I think the reason I am so interested in these documentaries is because I am somewhat of a frustrated filmmaker myself, and would love to make docos!

Now the history of horror films would be a TV series unto itself as so many countries have a massive horror film industry themselves, so this one egotistically narrows its focus solely on the American horror film.

The film is narrated by horror icon Lance Henrickson, and features interviews with various directors like Joe Dante (The ‘Burbs), George Romero (Land of the Dead ), Brian Yuzna (Beyond Re-animator), John Carpenter (Halloween (1978), Larry Cohen (The Stuff), Darren Lynn Bousman (Saw II), Mick Garris (Riding the Bullet), Tom McLoughlin (Sometimes They Come Back) and Roger Corman (trust me, you’ve seen a Corman film), as well as film historians John Kenneth Muir and Dennis Fischer and ex-Fangoria editor in chief Tony Timpone.

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This is a pretty good movie, though as the title would suggest, its very insular and outside a couple of mentions of what is happening in the overseas film industries, it talks repeatedly about what was happening in America, to Americans (though apparently Canada is America now, according to the Cronenberg mentions) and how the various world wars effected Americans and the American horror film industry.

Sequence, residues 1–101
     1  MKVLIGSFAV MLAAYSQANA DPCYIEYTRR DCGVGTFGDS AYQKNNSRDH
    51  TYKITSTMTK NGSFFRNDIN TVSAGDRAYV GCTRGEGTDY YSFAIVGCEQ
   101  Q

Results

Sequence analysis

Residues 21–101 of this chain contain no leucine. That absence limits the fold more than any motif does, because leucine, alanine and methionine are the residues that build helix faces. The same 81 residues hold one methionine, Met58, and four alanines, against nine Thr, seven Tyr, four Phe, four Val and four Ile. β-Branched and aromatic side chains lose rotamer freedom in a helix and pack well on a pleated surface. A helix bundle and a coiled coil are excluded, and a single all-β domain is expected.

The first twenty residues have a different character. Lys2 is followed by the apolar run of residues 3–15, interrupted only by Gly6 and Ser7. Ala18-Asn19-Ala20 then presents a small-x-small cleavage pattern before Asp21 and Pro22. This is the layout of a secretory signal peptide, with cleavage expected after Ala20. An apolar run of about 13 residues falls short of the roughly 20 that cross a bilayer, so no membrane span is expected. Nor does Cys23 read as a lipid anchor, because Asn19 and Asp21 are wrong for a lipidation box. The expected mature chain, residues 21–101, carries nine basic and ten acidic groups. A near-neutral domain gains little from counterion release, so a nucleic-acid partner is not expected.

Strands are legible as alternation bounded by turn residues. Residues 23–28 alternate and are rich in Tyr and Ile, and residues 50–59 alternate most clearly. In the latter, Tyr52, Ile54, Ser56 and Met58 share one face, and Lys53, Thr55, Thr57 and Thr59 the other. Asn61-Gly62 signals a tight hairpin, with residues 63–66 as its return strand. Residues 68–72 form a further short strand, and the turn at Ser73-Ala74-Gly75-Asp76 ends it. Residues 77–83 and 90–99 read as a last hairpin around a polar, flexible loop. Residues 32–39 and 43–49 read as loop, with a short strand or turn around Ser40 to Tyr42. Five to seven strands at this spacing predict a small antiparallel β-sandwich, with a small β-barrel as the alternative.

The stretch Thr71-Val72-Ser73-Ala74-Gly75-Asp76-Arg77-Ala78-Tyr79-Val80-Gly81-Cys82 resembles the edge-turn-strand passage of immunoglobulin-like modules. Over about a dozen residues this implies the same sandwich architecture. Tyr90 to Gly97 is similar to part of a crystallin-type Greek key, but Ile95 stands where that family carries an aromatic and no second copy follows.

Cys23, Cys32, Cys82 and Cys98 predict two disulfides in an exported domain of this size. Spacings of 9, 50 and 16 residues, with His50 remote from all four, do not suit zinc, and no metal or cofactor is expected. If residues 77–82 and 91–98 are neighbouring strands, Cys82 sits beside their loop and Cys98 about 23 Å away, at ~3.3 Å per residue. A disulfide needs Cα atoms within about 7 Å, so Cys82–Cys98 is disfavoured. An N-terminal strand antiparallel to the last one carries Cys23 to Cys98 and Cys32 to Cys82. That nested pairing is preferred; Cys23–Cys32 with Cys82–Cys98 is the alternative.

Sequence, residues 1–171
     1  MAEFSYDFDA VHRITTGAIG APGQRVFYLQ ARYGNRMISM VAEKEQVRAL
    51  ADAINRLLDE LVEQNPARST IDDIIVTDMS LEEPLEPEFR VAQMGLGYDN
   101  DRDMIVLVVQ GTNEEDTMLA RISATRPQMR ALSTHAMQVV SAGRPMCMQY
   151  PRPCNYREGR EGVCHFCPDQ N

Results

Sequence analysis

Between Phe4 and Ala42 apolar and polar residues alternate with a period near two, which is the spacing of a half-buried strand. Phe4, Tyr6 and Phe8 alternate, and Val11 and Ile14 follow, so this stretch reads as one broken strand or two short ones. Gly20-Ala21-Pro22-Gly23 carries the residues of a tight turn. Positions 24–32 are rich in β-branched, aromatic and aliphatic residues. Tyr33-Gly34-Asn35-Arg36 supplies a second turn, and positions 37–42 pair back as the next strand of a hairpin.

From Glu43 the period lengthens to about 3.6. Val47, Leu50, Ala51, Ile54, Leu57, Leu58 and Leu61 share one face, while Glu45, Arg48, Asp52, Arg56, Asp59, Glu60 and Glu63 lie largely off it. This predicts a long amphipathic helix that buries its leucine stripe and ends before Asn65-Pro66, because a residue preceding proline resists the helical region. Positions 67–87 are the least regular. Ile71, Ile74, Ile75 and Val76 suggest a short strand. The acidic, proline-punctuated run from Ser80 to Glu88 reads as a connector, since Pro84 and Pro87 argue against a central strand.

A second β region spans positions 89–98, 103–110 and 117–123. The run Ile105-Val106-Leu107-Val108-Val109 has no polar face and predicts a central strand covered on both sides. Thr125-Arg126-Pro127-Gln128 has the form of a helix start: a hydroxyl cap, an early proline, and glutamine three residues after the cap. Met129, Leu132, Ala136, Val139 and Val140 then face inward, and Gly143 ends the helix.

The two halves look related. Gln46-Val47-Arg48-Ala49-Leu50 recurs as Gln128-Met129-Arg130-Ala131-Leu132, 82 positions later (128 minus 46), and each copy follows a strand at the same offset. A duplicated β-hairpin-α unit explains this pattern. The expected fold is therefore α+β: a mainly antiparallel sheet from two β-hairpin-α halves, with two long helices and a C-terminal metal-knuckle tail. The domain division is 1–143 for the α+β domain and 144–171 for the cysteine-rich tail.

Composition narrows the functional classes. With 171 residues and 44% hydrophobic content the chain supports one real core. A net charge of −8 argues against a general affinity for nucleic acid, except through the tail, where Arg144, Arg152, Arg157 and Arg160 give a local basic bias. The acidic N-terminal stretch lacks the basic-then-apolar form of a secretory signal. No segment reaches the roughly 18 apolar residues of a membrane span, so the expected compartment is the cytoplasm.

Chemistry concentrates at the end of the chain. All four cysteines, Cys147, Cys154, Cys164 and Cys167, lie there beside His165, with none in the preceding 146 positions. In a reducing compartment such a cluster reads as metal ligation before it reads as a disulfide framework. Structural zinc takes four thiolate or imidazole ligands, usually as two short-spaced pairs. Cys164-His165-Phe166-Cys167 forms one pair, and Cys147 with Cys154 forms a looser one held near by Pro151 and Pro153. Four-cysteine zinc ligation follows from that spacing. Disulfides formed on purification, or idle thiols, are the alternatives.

That’s a minor criticism though and the documentary takes a fleeting look at the entire history of American horror from the dawn of cinema appearing in America to Universal Monsters, to thrillers, savage cinema, slashers, zombies: you name it.

This documentary also looks at the highs and lows of the industry, and how the ‘real’ world (whatever that is these days) effects the quality and tone of horror films.

Horror movie fans will love the fact that this film doesn’t hold back on the violence and blood: obviously the director, Andrew Monument and writer, Joseph Maddrey (also the writer of the book on white this was based) know where the bread and butter of the genre usually is; you know, that surface interest before the story or acting or direction becomes and appeal.

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The real shame in this film is the lack of female discussion: no women directors, historians, journalists or actresses get a say here which I found unusual, considering how great their presence has become, and how important both sexes are to the genre. Seriously, Rue Morgue, the wonderful horror magazine was at its best when under the control of now-director Jovanka Vukovic, surely someone like her or her contemporaries (like Monica S. Kuebler or Rebekah McKendry or April Snellings or any of the other wonderful female voices in horror)  would have had something important to say.

Even over that, I enjoyed this documentary and am happy to have it in my collection of docos about horror films.

Score: ***1/2

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Disc: This region 4 DVD release from Monster Pictures runs for roughly 96 minutes and is presented in a 16×9 image of varying quality, which is not entirely fair as some of the footage is from old films but some of the interview do have some noise on their image, and the audio is presented in an entirely functional Dolby Digital 2.0.

Score: ***

Extras: Not a sausage.

Score: 0

WISIA: I have no doubt that I’ll watch this again as I do re-watch horror documentaries regularly.